Students’ concerns prompt city to consider bear ordinance |

Students’ concerns prompt city to consider bear ordinance

The city of Glenwood Springs plans to explore ways to reduce a case of animal attraction, after prompting by schoolchildren, a Division of Wildlife officer and a bear problem that’s only expected to get worse.

City Council last week directed city staff to look into proposing a plan of action that might be implemented by spring, when local bears come out of hibernation and some will start returning to town. Council discussed the issue at the request of fourth-graders from Glenwood Springs Elementary School. They have developed a series of suggestions for dealing with the problem, from requiring bear-proof trash cans to mandating that trash not be put out until the day of pickup.

Isaac Carlson, one of the students, told council residents also should be urged not to call the Division of Wildlife about a bear in the neighborhood unless it is causing damage or they are sure they don’t have anything outside that would attract the animal.

Sonia Marzec, district wildlife manager for the DOW in Glenwood Springs, has been working with the schoolchildren on their bear project. She explained to council that when the DOW tags and relocates a bear, it generally comes back, and has to be destroyed under the agency’s two-strike policy for dealing with problem bears.

“That’s why it is our last resort, because we don’t want to kill that bear,” she said.

Also, when a bear is moved, it only creates an opening for another one to take its place, Marzec said.

Some other communities, including in the upper Roaring Fork Valley, have adopted ordinances for dealing with bears, including requiring bear-proof trash cans. Historically, however, Glenwood Springs police, DOW officers and residents have dealt with the animals in a more low-key manner. However, problems with bears have been on the upswing. Last year, police responded to about 150 bear-related calls. The DOW relocated a bear and her cub after complaints from a resident and reports of an attack on a dog.

The numerous bear calls also keep Marzec busy in Glenwood Springs, even as she tries to oversee a district stretching from Dotsero to Canyon Creek. She said the city’s bear problem will only escalate unless it makes long-term changes, such as requiring bear-proof trash containers. But trash isn’t the only problem. Bird feeders and other attractants also bring bears to town, Marzec said.

“There’s a lot of things that can be done, and the public needs to help us protect the community from the bears,” she said. “The ordinance is only going to be as strong as the buy-in from the community.”

Marzec said she understands council must consider cost when talking about requiring bear-proof trash containers.

Council member Chris McGovern said she has bought two bear-proof trash containers, $200 each, and worries about the expense for residents. She said it may be best to start suggesting purchase of the containers for those having problems, rather than forcing everyone to buy them.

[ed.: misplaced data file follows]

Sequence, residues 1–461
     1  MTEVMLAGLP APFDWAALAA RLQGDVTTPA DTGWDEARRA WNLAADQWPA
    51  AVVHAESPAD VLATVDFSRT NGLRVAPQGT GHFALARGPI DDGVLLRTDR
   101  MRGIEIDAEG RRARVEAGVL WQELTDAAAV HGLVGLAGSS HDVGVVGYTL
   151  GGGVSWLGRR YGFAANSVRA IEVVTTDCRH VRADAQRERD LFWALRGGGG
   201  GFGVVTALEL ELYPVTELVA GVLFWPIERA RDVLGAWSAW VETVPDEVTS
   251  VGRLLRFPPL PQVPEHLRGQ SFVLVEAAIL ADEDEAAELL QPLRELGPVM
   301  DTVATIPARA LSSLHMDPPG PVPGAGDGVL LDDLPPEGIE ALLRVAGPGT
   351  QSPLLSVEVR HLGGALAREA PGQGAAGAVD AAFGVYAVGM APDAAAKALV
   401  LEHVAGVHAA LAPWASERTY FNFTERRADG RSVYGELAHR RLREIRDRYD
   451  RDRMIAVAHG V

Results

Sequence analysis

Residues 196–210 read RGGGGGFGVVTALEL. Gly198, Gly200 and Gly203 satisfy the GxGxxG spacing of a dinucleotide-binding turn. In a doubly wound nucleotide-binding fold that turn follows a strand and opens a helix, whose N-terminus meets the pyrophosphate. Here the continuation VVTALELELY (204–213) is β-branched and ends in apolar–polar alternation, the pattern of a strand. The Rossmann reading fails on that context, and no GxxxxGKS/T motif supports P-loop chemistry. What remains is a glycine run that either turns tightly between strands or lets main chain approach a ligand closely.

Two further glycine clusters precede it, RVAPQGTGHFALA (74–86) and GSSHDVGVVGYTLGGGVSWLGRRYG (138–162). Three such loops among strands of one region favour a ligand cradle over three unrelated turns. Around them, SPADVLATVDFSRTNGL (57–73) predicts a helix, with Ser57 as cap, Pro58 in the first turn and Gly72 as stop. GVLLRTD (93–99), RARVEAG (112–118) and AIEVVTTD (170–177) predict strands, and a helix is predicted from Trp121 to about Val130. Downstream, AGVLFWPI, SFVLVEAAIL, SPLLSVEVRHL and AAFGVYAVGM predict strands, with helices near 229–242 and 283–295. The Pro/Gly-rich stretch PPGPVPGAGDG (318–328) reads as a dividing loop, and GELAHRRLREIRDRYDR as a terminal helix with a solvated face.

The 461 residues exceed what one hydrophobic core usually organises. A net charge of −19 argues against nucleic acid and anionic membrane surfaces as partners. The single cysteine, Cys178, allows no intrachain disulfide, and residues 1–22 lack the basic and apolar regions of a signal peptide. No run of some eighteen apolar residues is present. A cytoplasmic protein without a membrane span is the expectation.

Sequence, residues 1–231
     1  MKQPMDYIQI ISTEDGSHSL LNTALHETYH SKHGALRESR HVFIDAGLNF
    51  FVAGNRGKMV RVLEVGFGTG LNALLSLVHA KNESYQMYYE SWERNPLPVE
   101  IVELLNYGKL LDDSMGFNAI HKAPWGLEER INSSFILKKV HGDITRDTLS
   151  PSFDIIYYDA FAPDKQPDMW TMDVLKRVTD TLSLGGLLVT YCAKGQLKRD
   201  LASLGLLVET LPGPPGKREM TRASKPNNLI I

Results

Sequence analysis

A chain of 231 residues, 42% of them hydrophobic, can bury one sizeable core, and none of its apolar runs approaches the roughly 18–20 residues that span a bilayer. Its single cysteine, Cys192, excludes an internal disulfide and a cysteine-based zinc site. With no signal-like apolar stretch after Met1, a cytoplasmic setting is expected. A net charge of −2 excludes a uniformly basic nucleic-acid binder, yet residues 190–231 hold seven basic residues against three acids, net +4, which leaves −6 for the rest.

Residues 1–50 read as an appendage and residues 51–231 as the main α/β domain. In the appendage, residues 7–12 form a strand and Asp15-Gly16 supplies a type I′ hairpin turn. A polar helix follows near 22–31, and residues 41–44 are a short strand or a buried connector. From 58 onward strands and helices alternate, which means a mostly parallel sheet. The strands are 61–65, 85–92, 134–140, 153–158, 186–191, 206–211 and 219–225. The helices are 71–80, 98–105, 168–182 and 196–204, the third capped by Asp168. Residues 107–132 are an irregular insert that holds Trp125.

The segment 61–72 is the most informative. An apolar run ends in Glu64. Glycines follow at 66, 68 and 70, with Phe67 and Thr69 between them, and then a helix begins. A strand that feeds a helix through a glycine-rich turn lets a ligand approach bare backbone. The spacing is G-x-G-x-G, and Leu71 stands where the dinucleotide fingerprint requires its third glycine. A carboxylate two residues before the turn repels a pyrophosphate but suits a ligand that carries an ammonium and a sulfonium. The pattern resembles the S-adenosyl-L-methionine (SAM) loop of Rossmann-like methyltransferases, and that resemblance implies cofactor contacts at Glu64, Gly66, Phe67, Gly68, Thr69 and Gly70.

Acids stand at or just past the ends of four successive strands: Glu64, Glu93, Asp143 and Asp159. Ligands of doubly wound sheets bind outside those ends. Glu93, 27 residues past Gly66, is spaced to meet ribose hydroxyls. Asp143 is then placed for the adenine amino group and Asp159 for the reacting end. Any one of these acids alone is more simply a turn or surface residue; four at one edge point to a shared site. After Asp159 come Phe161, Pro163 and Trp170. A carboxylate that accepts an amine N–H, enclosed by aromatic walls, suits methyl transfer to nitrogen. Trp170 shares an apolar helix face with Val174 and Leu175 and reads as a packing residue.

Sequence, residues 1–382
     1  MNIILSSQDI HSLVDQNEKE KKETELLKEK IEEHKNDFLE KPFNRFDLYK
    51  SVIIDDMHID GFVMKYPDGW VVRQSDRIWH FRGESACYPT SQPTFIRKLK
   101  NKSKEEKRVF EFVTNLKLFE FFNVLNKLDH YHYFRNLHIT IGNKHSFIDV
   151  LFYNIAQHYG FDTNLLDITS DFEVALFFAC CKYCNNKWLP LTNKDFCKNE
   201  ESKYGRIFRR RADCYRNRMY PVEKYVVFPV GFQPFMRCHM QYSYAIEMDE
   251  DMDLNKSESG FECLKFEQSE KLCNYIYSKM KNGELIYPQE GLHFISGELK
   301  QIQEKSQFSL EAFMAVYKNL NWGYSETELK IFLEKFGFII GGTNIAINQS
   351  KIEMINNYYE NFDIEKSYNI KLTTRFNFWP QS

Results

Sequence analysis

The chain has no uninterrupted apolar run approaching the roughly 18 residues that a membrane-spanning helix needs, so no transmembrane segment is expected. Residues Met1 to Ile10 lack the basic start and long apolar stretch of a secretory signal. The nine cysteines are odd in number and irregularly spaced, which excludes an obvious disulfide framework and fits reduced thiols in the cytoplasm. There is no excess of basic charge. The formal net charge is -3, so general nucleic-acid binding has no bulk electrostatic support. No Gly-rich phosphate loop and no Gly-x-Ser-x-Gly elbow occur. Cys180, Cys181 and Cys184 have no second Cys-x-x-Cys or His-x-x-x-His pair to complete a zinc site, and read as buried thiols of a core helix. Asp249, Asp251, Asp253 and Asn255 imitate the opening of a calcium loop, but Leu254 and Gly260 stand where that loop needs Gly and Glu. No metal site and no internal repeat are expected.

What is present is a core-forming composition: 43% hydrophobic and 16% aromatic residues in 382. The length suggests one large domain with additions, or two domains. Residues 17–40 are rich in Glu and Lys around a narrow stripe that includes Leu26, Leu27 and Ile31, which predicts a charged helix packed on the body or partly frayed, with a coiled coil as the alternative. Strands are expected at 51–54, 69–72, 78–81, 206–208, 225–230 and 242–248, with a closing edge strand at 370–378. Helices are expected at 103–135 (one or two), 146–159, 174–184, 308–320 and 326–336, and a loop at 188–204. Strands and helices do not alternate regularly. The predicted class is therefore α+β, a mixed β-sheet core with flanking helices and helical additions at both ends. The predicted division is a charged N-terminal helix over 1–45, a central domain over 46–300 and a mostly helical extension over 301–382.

Council member Larry Beckwith drew laughs when he said of bears, “I have them hanging around all the time and they don’t bother anybody. But I knock before I go out the door.”

He wondered if approaches such as firing bean bags at the bears might help repel them. Marzec said the DOW and police do that now, but it can be hard to drive a bear all the way across town.

Council member Dave Merritt worried that the city might get into a situation in which people fear being fined for calling police about bears, and don’t call when a serious danger exists. Marzec said in some other communities repeat offenders who don’t remove bear attractants receive warnings first rather than fines ” and from the DOW rather than police.

The city’s Parks and Recreation Department has determined it would cost about $38,000 to replace the city’s 74 trash containers with bear-proof ones. Council member Dan Richardson suggested that the city start by replacing worn-out trash containers with bear-proof containers, setting a five-year limit to get all of them replaced. Merritt said he thinks they need to be replaced even sooner than five years.

Council member Bruce Christensen said he thinks the city can’t wait to act on a plan to deal with the bear problem.

“Each year that goes by we’re just training more bears to come into town. And the time has come that we’re going to have to do something,” he said.

As part of its planning, the city will make use of a survey students at Glenwood and Sopris elementary schools are sending home to parents.

Glenwood Elementary fourth-grader Erica Arensman, who spoke to council, is happy about council’s reaction to the students’ campaign. She had thought council would only promise to consider a bear ordinance.

“But I think now it actually will happen,” she said.

She also wants the city to promote bear awareness.

“Some people, they just don’t care,” she said, citing those who go up to the animals with flash cameras. “I think that’s positively, absolutely ridiculous because it might make bears more angry. I think people should be more bear-aware.”

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